Venkataramana Rao, J.
1. The question raised in this second appeal is whether the defendants are holding the suit lands on a perpetual or saswatham tenure. It is found by both the lower Courts that, Ex. 1, the original demise, was granted to the defendants' predecessor-in-title. The document provides for the payment of a kanom of Rs. 50 and there is a significant provision at the end of it, viz.,
At, the end of very twelve years a renewal should be taken charging the sail aura of Rs 50 as kanom and you may enjoy the same without surrendering or causing it to be surrendered.'
2. On April 27, 1995, there was another deed of demise, Ex. A, in and by which the suit property was demised.
for a period of twelve years on Kuzhikanom right and for carrying on trade, fixing rent of Rs. 10 for each shop;
and there is the following stipulation thereon, viz.,
you may hold in possession the said properties as hitherto....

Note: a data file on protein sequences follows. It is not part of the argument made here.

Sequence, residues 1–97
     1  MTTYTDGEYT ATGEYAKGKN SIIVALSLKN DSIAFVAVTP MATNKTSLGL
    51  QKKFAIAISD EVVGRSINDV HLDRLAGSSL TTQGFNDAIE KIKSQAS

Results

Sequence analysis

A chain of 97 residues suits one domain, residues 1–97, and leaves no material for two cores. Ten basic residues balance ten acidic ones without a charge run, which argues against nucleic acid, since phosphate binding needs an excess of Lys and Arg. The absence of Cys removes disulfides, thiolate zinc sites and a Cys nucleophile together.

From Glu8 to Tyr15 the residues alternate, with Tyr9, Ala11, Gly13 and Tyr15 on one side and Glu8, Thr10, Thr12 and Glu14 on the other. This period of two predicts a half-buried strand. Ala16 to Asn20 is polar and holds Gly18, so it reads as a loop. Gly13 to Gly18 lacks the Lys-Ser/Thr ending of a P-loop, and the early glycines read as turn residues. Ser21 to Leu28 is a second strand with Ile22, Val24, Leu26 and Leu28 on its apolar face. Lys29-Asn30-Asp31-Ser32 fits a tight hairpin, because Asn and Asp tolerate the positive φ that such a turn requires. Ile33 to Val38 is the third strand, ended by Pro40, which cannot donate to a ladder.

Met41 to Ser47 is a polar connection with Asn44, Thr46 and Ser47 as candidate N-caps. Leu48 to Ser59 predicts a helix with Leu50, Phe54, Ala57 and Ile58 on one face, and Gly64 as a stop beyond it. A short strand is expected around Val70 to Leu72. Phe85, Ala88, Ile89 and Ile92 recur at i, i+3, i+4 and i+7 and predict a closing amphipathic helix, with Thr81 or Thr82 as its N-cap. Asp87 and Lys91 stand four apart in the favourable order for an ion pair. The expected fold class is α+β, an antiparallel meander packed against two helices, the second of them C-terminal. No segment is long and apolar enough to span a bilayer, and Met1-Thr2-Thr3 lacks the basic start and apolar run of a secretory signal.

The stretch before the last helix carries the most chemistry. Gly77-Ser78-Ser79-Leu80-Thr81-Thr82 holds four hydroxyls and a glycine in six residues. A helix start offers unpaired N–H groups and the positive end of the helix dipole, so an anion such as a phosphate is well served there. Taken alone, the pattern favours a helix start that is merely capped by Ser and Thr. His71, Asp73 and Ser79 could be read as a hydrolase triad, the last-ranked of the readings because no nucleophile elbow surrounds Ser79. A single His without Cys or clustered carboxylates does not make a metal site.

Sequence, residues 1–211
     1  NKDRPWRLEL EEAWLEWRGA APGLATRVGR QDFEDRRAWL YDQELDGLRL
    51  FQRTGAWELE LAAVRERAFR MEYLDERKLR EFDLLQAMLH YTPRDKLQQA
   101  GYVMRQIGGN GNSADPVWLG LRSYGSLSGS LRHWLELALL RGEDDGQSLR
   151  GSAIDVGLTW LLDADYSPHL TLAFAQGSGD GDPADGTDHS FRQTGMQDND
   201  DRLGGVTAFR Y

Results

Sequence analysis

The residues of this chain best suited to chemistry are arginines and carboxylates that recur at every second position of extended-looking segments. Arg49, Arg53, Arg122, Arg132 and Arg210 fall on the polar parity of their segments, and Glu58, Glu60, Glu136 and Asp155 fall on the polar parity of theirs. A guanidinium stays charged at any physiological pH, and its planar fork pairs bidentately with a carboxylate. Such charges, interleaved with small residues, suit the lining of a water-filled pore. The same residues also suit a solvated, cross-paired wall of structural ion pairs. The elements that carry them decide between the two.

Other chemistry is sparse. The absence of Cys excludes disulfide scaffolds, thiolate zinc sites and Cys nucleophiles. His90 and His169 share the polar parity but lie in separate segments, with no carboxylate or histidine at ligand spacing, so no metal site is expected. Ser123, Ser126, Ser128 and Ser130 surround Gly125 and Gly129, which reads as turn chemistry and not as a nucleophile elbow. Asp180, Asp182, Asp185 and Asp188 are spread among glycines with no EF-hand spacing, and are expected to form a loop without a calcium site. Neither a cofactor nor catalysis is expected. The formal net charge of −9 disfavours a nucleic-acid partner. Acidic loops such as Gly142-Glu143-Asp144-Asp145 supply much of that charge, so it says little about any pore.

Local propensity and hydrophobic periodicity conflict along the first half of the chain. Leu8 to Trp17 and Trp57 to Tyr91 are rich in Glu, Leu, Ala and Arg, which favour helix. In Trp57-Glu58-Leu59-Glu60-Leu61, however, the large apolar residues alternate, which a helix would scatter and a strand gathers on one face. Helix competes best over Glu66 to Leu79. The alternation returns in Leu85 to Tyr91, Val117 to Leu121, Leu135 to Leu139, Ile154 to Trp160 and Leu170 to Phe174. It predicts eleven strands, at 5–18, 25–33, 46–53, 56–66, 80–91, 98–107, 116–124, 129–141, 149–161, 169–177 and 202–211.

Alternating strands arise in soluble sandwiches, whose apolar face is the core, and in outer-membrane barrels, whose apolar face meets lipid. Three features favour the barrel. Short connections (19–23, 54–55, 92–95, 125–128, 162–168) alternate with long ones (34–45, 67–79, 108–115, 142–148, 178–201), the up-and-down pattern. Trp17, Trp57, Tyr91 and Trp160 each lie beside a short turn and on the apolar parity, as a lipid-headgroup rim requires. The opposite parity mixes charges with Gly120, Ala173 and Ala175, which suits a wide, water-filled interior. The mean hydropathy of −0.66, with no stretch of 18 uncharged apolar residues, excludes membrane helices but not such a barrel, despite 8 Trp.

3. It appears that there was a melcharth granted by the predecessor-in-title of plaintiff No. 1 in 1903 to one Mammad who filed a suit in 1908 for recovery of the arrears of rent. In that suit it was held that the defendants were holding the property on saswatham tenure. The said finding may not have been necessary for that decision in that suit, but the question was raised and there was an adjudication. The present suit is brought both by the plaintiff No. I who is a jenmi of the suit properties and by plaintiff No. 2, who is a melcharth holder under a deed dated December 7, 1927, for redemption and possession. The same defence is again raised, viz., that the defendants are holding under a perpetual tenure. Both the Courts have concurrently found that the defendants have been holding under a saswatham tenure. The learned District Munsif found it on the ground that, at any rate, since the adjudication in 1908 the defendants must be deemed to have been holding the property under a saswatham tenure and acquire a title by adverse possession. The learned Subordinate Judge confirmed his decision. Mr. Sridharan contends that Ex. 1 cannot be considered to be a perpetual tenure or grant and the provision relating to renewal and non-surrender must be considered to be a clog on the equity of redemption. He relies upon the ruling in Neelkandhan v. Anantha Krishna Iyer 30 M 61 : 16 M.L.J. 462 : 1M.L.T. 426, which supports him. But I find in a later decision in Raman Nayarv. Kunhi Kolandan Mudaliar 2 L.W. 941 : 31 Ind. Cas. 184 : A.I.R. 1916 Mad 652 : (1915) M.W.N. 793, that Sadasiva Iyer, J. holds that a perpetual kanom is permissible under the customary law of Malabar. He was considering the document which is dated December 1857, admittedly prior to the Transfer of Property Act.